November 22, 2021

Last week I went to the Baltimore coin show. Normally thrice yearly, it hadn’t been held for two years, due to Covid. Southwest has a one-hour early flight, then light rail (very cheap) got me to my first appointment before 8 AM — with dealer Nick Economopoulos in his hotel room.

He’s a good guy whom I’ve bought from for over thirty years. We go through his entire stock, and he shoots me his best rock-bottom price on every coin. Occasionally I might deliberate for a few seconds; usually not. No song-and-dance. And I buy enough to make it worthwhile for us both.

Then on to another dealer in his hotel room, before the show itself opens, a bourse with many tables. Mostly I seek ancient coins to sell in my online auctions. (The current one closes Dec. 7; here’s a link: But I do still buy an occasional item destined for my own collection.

One in the latter category, from Nick, was a dollar-sized Byzantine bronze of Emperor Tiberius Constantine (578–82 AD). The big M signifies the denomination (follis); the “u” the regnal year (fifth). CON is the mint, Constantinople; the Gamma after it, the “officina” or division in the mint. It was $200, actually the most I ever paid for a Byzantine bronze; but the quality is great. I was very glad to get it.

Quality is the name of the game. The U.S. coin market has gone nuts on that, with 11 hairsplitting grades of uncirculated. The “slabbing” companies, who evaluate coins and encapsulate them, for a fee, came up with something diabolical — “registry sets,” recording who owns the highest grade coins. With associated bragging rights (it’s a man thing). So, recently a 1957 Lincoln — cent, not car — sold at auction for $13,800. An extremely common coin, but uncommonly graded “67+.” Okay — but a 66 would go for about $35. As if the one is hundreds of times better than the other. Actually they’re virtually indistinguishable.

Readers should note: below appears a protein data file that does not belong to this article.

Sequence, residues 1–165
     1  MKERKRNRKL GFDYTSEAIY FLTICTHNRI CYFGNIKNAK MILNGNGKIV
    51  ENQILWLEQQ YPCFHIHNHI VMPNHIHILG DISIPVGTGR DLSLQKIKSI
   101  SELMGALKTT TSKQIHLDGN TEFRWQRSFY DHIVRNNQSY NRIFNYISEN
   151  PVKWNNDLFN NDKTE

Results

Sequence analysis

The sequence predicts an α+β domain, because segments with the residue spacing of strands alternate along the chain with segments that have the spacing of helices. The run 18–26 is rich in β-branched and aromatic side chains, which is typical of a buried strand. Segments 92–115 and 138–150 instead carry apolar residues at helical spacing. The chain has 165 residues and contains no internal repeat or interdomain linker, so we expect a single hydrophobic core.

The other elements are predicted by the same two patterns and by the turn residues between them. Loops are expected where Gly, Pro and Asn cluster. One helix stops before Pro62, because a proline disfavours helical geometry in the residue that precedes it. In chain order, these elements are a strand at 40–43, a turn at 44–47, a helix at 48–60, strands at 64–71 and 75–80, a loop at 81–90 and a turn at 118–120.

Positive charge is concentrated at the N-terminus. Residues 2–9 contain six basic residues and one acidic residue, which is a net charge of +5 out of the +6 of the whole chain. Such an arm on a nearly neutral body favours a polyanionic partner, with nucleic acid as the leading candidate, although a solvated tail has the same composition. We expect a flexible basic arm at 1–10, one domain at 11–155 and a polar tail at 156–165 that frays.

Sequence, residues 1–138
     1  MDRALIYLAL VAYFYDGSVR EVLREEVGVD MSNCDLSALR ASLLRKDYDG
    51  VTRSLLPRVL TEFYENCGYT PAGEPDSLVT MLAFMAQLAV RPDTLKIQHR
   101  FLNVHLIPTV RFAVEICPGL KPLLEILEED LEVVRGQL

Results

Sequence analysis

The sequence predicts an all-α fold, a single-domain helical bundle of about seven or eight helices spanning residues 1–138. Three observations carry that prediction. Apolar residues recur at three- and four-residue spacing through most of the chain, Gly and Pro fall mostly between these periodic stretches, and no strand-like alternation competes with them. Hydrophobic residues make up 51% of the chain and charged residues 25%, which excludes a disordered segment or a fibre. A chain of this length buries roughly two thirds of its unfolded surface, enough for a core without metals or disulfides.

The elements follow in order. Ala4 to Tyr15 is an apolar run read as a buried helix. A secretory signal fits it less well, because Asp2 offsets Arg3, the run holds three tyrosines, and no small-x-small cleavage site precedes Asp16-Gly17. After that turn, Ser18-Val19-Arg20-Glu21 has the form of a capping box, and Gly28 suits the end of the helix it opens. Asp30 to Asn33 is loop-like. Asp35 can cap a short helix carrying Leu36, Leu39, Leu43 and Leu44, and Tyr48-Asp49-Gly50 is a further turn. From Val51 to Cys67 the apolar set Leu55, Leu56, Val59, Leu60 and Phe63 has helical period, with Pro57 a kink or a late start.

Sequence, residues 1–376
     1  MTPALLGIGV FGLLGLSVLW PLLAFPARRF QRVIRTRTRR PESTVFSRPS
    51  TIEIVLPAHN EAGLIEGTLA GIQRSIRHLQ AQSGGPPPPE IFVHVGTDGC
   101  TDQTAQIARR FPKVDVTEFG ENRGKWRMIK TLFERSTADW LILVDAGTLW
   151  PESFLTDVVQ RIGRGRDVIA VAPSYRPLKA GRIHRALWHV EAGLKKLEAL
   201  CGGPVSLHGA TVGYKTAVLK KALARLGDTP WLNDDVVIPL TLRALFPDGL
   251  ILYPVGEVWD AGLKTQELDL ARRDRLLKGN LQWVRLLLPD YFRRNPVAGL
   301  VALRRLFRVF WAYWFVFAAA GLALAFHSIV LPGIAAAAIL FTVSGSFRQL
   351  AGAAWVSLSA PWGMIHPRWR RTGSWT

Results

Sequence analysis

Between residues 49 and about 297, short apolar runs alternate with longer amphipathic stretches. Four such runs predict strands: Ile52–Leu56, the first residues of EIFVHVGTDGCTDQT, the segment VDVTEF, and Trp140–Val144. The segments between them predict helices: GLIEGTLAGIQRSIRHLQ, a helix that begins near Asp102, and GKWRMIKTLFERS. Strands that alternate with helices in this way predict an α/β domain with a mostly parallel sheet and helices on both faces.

Fortunately the ancient coin market is more sane, but quality is still crucial; and it’s a more complex issue, with a lot of variables to consider. While value is a more open question too, absent price guides. All making this a challenging game. And the pandemic seems to have turbocharged demand, so it’s ever harder to buy at reasonable prices. I’ve always considered myself a “bottom feeder,” looking for “bargains.” Yet it’s remarkable what great coins I’ve been able to acquire — albeit with a lot of effort. But that effort is the fun. There’d be no sport in it if I wasn’t so price conscious. However, now rather than a “bargain,” my criterion for buying is a price at least making some sense to me.

That Byzantine coin is a case in point. Not so long ago $200 would have seemed unthinkable; now it feels cheap. (I’ve seen ones not as good selling for twice as much in auctions.)

I worked the show, going from table to table, until the 6 PM closing. And after a long productive fun day, buying many goodies, and a nice dinner, I got home before midnight, picked up at the airport by the best wife in the world. What a life.